• We collected 38 groundwater and two surface water samples in the semi-arid Lake Woods region of the Northern Territory to better understand the hydrogeochemistry of this system, which straddles the Wiso, Tennant Creek and Georgina geological regions. Lake Woods is presently a losing waterbody feeding the underlying groundwater system. The main aquifers comprise mainly carbonate (limestone and dolostone), siliciclastic (sandstone and siltstone) and evaporitic units. The water composition was determined in terms of bulk properties (pH, electrical conductivity, temperature, dissolved oxygen, redox potential), 40 major, minor and trace elements as well as six isotopes (δ18Owater, δ2Hwater, δ13CDIC, δ34SSO4=, δ18OSO4=, 87Sr/86Sr). The groundwater is recharged through infiltration in the catchment from monsoonal rainfall (annual average rainfall ~600 mm) and runoff. It evolves geochemically mainly through evapotranspiration and water–mineral interaction (dissolution of carbonates, silicates, and to a lesser extent sulfates). The two surface waters (one from the main creek feeding the lake, the other from the lake itself) are extraordinarily enriched in 18O and 2H isotopes (δ18O of +10.9 and +16.4 ‰ VSMOW, and δ2H of +41 and +93 ‰ VSMOW, respectively), which is interpreted to reflect evaporation during the dry season (annual average evaporation ~3000 mm) under low humidity conditions (annual average relative humidity ~40 %). This interpretation is supported by modelling results. The potassium (K) relative enrichment (K/Cl mass ratio over 50 times that of sea water) is similar to that observed in salt-lake systems worldwide that are prospective for potash resources. Potassium enrichment is believed to derive partly from dust during atmospheric transport/deposition, but mostly from weathering of K-silicates in the aquifer materials (and possibly underlying formations). Further studies of Australian salt-lake systems are required to reach evidence-based conclusions on their mineral potential for potash, lithium, boron and other low-temperature mineral system commodities such as uranium. <b>Citation:</b> P. de Caritat, E. N. Bastrakov, S. Jaireth, P. M. English, J. D. A. Clarke, T. P. Mernagh, A. S. Wygralak, H. E. Dulfer & J. Trafford (2019) Groundwater geochemistry, hydrogeology and potash mineral potential of the Lake Woods region, Northern Territory, Australia, <i>Australian Journal of Earth Sciences</i>, 66:3, 411-430, DOI: 10.1080/08120099.2018.1543208

  • This map is part of the AUSTopo - Australian Digital Topographic Map Series. It covers the whole of Australia at a scale of 1:250 000 (1cm on a map represents 2.5 km on the ground) and comprises 516 maps. This is the largest scale at which published topographic maps cover the entire continent. Each standard map covers an area of approximately 1.5 degrees longitude by 1 degree latitude or about 150 kilometres from east to west and at least 110 kilometres from north to south. The topographic map shows approximate coverage of the sheets. The map may contain information from surrounding map sheets to maximise utilisation of available space on the map sheet. There are about 50 special maps in the series and these maps cover a non-standard area. Typically, where a map produced on standard sheet lines is largely ocean it is combined with its landward neighbour. These maps contain natural and constructed features including road and rail infrastructure, vegetation, hydrography, contours (interval 50m), localities and some administrative boundaries. Coordinates: Geographical and MGA Datum: GDA94, GDA2020, AHD. Projection: Universal Traverse Mercator (UTM) Medium: Digital PDF download.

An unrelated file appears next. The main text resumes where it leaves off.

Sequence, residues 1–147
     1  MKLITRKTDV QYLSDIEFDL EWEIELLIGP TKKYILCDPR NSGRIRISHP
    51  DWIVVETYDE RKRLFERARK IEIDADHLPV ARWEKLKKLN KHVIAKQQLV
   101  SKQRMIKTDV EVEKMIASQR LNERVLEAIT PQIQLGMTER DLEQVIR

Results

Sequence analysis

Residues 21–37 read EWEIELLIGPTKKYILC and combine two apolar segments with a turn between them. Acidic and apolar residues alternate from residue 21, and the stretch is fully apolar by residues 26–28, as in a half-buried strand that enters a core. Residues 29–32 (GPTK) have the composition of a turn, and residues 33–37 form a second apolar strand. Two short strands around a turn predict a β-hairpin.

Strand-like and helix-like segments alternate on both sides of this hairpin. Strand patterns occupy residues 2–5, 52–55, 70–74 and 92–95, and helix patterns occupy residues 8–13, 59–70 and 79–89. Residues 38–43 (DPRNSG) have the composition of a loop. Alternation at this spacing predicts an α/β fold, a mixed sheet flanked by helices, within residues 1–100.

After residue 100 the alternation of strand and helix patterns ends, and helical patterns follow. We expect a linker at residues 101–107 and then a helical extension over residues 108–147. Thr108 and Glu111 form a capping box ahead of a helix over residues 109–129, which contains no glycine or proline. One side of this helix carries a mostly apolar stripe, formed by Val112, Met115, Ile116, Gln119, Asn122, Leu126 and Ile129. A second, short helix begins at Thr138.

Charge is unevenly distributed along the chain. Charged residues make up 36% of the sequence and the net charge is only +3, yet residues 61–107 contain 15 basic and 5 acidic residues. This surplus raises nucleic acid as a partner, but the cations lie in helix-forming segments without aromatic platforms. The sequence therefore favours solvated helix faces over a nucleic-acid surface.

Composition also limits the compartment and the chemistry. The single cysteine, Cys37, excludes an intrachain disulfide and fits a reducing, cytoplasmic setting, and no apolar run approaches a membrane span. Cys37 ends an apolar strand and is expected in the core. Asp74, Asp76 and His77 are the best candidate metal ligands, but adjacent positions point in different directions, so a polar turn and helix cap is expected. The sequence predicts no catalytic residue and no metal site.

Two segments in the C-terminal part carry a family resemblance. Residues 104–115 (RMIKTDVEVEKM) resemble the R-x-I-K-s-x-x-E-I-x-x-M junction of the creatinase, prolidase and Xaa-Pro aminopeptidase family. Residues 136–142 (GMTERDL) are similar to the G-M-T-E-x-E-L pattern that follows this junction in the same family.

• This map is part of the AUSTopo - Australian Digital Topographic Map Series. It covers the whole of Australia at a scale of 1:250 000 (1cm on a map represents 2.5 km on the ground) and comprises 516 maps. This is the largest scale at which published topographic maps cover the entire continent. Each standard map covers an area of approximately 1.5 degrees longitude by 1 degree latitude or about 150 kilometres from east to west and at least 110 kilometres from north to south. The topographic map shows approximate coverage of the sheets. The map may contain information from surrounding map sheets to maximise utilisation of available space on the map sheet. There are about 50 special maps in the series and these maps cover a non-standard area. Typically, where a map produced on standard sheet lines is largely ocean it is combined with its landward neighbour. These maps contain natural and constructed features including road and rail infrastructure, vegetation, hydrography, contours (interval 50m), localities and some administrative boundaries. Coordinates: Geographical and MGA Datum: GDA94, GDA2020, AHD. Projection: Universal Traverse Mercator (UTM) Medium: Digital PDF download.

  • This map is part of the AUSTopo - Australian Digital Topographic Map Series. It covers the whole of Australia at a scale of 1:250 000 (1cm on a map represents 2.5 km on the ground) and comprises 516 maps. This is the largest scale at which published topographic maps cover the entire continent. Each standard map covers an area of approximately 1.5 degrees longitude by 1 degree latitude or about 150 kilometres from east to west and at least 110 kilometres from north to south. The topographic map shows approximate coverage of the sheets. The map may contain information from surrounding map sheets to maximise utilisation of available space on the map sheet. There are about 50 special maps in the series and these maps cover a non-standard area. Typically, where a map produced on standard sheet lines is largely ocean it is combined with its landward neighbour. These maps contain natural and constructed features including road and rail infrastructure, vegetation, hydrography, contours (interval 50m), localities and some administrative boundaries. Coordinates: Geographical and MGA Datum: GDA94, GDA2020, AHD. Projection: Universal Traverse Mercator (UTM) Medium: Digital PDF download.